The President Speaks and Some Viewers Yell Back

Diners at Ristorante Settepani in the Harlem neighborhood of New York watch President Obama's State of the Union address on Jan. 28, 2013. (Patrick McGovern/NY City Lens)

Diners at Ristorante Settepani in the Harlem neighborhood of New York watch President Obama’s State of the Union address on Jan. 28, 2013. (Patrick McGovern/NY City Lens)

An energized crowd of approximately 40 people crowded into the bar area of Ristorante Settepani in Harlem Tuesday night to watch President Barack Obama deliver the State of the Union address. Members of the group Organizing for Action, a non-profit, non-partisan organization focused on progressive issues, gathered at the restaurant to both observe and discuss the issues in the president’s address.

“Many of us sit alone and yell at the television,” said Ny Whitaker, head of the New York chapter for Organizing for Action. “Here, instead we can yell and talk to each other.”

Nearly 33 million viewers tuned in to watch and hear the president Tuesday night, according to Nielsen, the lowest audience ever. But for the small crowd at Ristorante Settepani, that didn’t matter. The first big response of the evening came a few minutes into the president’s remarks.

“America does not stand still – and neither will I. So wherever and whenever I can take steps without legislation to expand opportunity for more American families, that’s what I’m going to do,” the president said.

“That’s right!” exclaimed Evette Heyliger, 54, a senior fellow with the organization and a playwright from Harlem.

“I’d actually like him to use his executive power more often,” said Whitaker, 39, a small business owner from East Harlem, after hearing the president speak on the subject. “He could get around the roadblocks in Congress that way and get something done.”

The First Lady, Michelle Obama, and the president’s call for equal pay for women drew the evening’s largest cheers.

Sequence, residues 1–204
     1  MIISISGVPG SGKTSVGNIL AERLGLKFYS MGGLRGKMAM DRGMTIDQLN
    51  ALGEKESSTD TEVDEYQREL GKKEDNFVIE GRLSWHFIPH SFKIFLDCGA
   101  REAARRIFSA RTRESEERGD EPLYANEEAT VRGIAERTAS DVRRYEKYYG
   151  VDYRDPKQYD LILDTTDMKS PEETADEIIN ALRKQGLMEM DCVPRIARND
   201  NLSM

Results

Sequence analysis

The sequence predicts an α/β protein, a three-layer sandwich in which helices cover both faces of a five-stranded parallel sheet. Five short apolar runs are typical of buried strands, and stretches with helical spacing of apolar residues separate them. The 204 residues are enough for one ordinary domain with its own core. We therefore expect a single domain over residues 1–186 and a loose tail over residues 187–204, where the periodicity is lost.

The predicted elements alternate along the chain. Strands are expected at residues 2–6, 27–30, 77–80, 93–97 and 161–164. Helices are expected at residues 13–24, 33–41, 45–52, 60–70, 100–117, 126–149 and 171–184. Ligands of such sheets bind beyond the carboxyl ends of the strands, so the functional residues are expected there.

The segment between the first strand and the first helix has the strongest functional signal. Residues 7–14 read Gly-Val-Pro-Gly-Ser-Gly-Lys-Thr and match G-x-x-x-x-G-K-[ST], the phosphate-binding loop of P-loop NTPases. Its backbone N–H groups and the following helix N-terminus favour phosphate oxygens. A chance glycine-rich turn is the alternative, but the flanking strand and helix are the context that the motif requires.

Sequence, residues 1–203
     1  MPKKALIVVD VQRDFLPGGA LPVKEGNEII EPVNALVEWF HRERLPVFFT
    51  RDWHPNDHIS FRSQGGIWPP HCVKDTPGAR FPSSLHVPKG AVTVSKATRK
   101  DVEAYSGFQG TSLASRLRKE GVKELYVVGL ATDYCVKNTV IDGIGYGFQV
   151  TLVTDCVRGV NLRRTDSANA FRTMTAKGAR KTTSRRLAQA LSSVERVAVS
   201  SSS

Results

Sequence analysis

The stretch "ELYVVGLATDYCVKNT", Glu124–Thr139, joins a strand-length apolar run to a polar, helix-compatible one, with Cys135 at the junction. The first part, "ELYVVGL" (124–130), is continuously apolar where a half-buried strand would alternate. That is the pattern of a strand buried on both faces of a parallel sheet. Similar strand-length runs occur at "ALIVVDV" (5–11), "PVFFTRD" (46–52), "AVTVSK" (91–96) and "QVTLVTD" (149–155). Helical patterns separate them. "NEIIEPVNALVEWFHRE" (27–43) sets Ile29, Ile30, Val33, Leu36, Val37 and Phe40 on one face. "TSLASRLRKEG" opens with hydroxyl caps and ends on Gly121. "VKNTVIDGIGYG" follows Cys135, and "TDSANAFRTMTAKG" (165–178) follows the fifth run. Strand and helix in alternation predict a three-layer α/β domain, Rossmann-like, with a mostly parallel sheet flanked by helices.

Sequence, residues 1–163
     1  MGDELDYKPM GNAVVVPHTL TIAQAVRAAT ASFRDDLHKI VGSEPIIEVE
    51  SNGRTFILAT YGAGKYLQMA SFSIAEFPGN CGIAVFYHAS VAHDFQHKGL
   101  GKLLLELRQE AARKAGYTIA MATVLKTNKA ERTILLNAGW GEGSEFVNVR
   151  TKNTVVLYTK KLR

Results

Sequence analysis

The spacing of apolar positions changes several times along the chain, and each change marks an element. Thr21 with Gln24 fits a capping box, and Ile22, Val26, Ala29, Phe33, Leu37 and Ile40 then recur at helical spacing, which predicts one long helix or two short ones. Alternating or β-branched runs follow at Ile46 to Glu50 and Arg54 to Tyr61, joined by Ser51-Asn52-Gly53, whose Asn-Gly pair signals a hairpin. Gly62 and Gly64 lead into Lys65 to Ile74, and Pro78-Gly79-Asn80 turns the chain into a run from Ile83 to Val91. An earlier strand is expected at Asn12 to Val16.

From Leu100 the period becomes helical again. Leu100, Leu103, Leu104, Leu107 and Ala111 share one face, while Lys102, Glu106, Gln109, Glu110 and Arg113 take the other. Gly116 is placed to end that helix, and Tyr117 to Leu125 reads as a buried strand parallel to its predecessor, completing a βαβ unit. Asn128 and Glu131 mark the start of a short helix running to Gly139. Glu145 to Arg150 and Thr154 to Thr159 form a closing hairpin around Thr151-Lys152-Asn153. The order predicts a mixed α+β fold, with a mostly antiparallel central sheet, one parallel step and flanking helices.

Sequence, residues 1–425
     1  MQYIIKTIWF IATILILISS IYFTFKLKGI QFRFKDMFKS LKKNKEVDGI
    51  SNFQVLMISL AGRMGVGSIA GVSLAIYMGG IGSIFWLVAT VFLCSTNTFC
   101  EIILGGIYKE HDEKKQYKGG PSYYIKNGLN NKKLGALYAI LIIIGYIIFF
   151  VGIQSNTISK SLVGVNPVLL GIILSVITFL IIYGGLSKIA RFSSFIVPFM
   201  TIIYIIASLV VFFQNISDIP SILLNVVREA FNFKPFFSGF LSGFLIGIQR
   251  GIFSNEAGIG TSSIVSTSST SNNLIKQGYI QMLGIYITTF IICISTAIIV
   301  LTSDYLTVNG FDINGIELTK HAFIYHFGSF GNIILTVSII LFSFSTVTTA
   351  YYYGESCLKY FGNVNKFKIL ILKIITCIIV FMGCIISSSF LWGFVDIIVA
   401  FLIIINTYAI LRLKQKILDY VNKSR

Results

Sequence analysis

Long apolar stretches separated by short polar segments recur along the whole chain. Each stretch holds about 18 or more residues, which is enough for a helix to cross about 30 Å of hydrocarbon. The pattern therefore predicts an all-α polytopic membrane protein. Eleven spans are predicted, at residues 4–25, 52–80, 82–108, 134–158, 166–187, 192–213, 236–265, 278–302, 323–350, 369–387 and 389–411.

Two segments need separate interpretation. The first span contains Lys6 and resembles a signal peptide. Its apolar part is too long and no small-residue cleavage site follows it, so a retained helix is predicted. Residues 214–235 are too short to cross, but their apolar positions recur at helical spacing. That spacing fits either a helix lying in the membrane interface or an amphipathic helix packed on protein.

“It’s time to do away with workplace policies that belong in a “Mad Men” episode,” said Obama, which drew raucous cheers from the group. “This year, let’s all come together – Congress, the White House, and businesses from Wall Street to Main Street – to give every woman the opportunity she deserves.”

“We have a very eclectic, diverse crowd here tonight,” said Whitaker. “And look, more women than men.”

“I’m glad he spoke about healthcare,” said Rose Teneyck, a member of the group from Harlem. “I don’t need Obamacare personally, but I strongly believe in what the president is trying to do.”

Despite the non-partisan aspect of the group, many, if not all, seemed to support Obama on all the major issues he touched upon in his address.

“I’m pleased he touched upon gun control,” said Heyliger. “That’s something I’m very passionate about and one of the reasons I come to these events.”

Nino Settepani, who has owned Ristorante Settepani for 13 years, enjoys the political events but stays out of any political discussions.

“Something like the State of the Union is a way to get the neighborhood, and the country, together,” said Settepani, a native of Palermo, Sicily. “But as a restaurateur, I’m apolitical. I think a restaurant is a place where everyone can express their opinions, no matter where they are politically.”

“But at work, I don’t express my opinions,” he said. “At home,” he smiled, “it’s different.”

As Washington state Rep. Cathy McMorris Rodgers delivered the Republican response to the president’s speech, only a few paid attention.

“Sounds like a commercial,” someone said to the screen, as the crowd headed for the exit into the freezing night.

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